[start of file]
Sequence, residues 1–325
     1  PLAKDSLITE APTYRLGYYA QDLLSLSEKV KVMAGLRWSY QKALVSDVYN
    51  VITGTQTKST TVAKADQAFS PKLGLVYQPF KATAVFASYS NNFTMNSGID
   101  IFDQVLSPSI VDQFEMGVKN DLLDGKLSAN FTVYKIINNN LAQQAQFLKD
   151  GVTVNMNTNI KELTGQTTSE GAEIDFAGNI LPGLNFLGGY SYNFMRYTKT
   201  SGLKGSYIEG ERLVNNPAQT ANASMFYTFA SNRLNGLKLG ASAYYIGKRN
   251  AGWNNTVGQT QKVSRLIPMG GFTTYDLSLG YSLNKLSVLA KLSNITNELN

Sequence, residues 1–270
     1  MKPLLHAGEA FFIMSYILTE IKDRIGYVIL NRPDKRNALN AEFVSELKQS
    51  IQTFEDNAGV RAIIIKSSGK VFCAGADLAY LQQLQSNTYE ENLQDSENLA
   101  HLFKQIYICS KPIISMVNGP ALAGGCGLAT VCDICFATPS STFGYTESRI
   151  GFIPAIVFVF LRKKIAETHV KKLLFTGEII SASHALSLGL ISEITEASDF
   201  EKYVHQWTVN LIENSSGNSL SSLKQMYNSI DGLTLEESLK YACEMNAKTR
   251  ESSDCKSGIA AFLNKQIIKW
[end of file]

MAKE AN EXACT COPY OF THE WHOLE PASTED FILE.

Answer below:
Sequence, residues 1–325
     1  PLAKDSLITE APTYRLGYYA QDLLSLSEKV KVMAGLRWSY QKALVSDVYN
    51  VITGTQTKST TVAKADQAFS PKLGLVYQPF KATAVFASYS NNFTMNSGID
   101  IFDQVLSPSI VDQFEMGVKN DLLDGKLSAN FTVYKIINNN LAQQAQFLKD
   151  GVTVNMNTNI KELTGQTTSE GAEIDFAGNI LPGLNFLGGY SYNFMRYTKT
   201  SGLKGSYIEG ERLVNNPAQT ANASMFYTFA SNRLNGLKLG ASAYYIGKRN
   251  AGWNNTVGQT QKVSRLIPMG GFTTYDLSLG YSLNKLSVLA KLSNITNELN

Sequence, residues 1–270
     1  MKPLLHAGEA FFIMSYILTE IKDRIGYVIL NRPDKRNALN AEFVSELKQS
    51  IQTFEDNAGV RAIIIKSSGK VFCAGADLAY LQQLQSNTYE ENLQDSENLA
   101  HLFKQIYICS KPIISMVNGP ALAGGCGLAT VCDICFATPS STFGYTESRI
   151  GFIPAIVFVF LRKKIAETHV KKLLFTGEII SASHALSLGL ISEITEASDF
   201  EKYVHQWTVN LIENSSGNSL SSLKQMYNSI DGLTLEESLK YACEMNAKTR
   251  ESSDCKSGIA AFLNKQIIKW